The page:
Victoria Park Pavilion
The Victoria Park skating pavilion was one of gh3*s four entries in the City of Edmonton’s 2011 national design competition for five park pavilions, receiving an honourable mention. Of the four designs gh3* submitted, three were short-listed, and two were won (Borden Park and Castle Downs Pavilions).
The building program was cut out into wings, nestling and extending through the mature trees of the park to knit the building into its context. The interspersing of enclosed space and open forest reduced the building’s perceived scale, while the softly reflective cladding blurred its silhouette into the natural surroundings.
The design emphasized prominent views out to the larger park and physical connections to trails and recreation areas. Each wing of the building was to house a separate program, with its orientation determined by program–specific requirements. The two south–facing wings housed the zamboni storage and workshop, and skate change facilities, respectively—each was to have direct access and views to the skating oval to the south. The training room was to be housed in a more easterly oriented wing, with intimate views of mature trees. The City–funded Phase 1 programs were located in an articulated arm that opens to the east and west, affording long views to the multi–purpose, teaching and office spaces. The aluminum skin would mirror the beauty of the setting and intensify the colour shifts of the changing seasons.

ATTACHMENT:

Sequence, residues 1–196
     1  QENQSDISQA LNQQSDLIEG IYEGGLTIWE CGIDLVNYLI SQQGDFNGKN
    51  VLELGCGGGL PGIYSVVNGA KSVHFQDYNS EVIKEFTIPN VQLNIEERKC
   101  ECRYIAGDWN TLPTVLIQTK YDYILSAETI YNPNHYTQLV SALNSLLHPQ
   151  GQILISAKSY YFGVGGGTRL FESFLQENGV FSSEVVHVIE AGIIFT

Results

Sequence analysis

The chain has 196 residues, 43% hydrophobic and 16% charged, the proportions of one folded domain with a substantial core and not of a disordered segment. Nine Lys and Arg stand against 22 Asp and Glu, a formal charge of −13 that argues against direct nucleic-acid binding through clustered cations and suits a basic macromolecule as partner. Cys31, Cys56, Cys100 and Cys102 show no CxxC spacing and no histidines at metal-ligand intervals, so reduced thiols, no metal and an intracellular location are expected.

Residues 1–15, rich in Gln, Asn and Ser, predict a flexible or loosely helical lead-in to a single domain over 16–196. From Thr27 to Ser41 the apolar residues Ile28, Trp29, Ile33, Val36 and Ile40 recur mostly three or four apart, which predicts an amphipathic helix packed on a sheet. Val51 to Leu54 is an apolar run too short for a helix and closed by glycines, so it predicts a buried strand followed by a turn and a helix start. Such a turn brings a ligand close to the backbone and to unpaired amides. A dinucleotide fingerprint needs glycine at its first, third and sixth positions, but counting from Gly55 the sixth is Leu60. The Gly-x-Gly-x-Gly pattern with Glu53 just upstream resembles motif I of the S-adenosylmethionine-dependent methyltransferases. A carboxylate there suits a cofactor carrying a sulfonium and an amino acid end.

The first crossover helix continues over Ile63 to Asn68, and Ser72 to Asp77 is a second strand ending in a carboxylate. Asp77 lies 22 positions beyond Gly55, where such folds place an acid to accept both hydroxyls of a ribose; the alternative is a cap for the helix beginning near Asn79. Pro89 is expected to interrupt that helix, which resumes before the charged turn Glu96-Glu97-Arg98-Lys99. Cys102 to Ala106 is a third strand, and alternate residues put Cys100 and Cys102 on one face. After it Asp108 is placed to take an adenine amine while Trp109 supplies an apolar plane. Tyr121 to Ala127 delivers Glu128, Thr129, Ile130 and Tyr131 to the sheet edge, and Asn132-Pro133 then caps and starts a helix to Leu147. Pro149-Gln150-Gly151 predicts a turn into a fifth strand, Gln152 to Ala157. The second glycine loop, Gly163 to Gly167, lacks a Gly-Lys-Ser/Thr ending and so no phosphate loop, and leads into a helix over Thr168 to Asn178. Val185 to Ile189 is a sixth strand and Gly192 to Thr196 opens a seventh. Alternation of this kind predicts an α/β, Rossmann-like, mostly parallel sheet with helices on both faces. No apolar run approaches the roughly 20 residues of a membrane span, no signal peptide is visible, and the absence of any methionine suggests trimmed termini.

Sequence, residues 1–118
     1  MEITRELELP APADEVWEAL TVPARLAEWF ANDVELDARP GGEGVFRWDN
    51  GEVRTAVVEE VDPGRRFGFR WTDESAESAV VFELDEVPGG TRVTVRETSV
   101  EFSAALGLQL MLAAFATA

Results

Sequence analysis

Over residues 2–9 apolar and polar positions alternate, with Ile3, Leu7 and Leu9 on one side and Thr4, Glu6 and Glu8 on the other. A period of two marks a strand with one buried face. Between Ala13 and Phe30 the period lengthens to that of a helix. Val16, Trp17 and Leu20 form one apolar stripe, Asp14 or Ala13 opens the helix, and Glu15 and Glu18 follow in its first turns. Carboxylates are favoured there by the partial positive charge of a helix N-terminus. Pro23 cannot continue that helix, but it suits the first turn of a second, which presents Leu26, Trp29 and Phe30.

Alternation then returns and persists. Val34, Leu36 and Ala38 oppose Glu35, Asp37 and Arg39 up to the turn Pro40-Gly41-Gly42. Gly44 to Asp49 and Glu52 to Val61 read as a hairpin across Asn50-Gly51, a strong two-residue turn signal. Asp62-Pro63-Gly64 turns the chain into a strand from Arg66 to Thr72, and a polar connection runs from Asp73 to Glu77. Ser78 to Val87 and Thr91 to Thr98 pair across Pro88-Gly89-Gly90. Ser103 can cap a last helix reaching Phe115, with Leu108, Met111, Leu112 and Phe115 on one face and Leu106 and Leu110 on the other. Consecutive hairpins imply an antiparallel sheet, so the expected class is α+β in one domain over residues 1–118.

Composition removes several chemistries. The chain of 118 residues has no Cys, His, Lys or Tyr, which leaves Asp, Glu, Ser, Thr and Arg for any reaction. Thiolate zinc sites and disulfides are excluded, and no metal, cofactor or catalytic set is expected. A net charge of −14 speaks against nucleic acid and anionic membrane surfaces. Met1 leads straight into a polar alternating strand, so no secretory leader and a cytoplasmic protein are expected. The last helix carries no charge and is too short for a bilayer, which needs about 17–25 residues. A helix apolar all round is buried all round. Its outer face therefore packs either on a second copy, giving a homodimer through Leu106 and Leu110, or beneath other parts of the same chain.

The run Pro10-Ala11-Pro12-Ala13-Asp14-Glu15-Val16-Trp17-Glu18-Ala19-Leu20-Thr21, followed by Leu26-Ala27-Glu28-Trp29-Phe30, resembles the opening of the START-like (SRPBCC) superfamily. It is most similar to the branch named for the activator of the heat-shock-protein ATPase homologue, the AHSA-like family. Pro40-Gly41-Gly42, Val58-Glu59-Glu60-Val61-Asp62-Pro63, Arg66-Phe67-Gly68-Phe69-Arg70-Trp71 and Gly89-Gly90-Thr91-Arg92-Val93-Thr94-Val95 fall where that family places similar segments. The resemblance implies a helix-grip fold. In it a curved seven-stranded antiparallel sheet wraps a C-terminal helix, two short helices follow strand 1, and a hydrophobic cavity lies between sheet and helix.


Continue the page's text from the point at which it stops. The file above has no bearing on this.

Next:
The ends of each wing were fully glazed to capture views of the park, while offering views of the buildings functions from without. Additional glazing was strategically located to both allow abundant daylight into the pavilion, and reveal glimpses of the rich wood structure to the outside.
The structure of the building was comprised of rated wood timbers overclad by insulated panels with a polished, flat seam aluminum skin. The building wings were triangulated in section, echoing the archetypal built forms of Algonquin and Athabaskan cultures as well as Northern European vernacular architectures that came to Canada with new immigrants. The elemental form produces exceptional natural cooling, while its sloped surfaces are ideal for both managing snow load and creating visually cozy interiors in winter—the latter enhanced by concrete floors with radiant heating and high–performance insulation.
Client: City of Edmonton
Location: Edmonton AB
Architects and Landscape Architects: gh3
2011 national design competition, honourable mention
gh3 Team: Pat Hanson, Raymond Chow, Louise Clavin, John McKenna, Simon Routh, Kamyar Rahimi, Joel Di Giacomo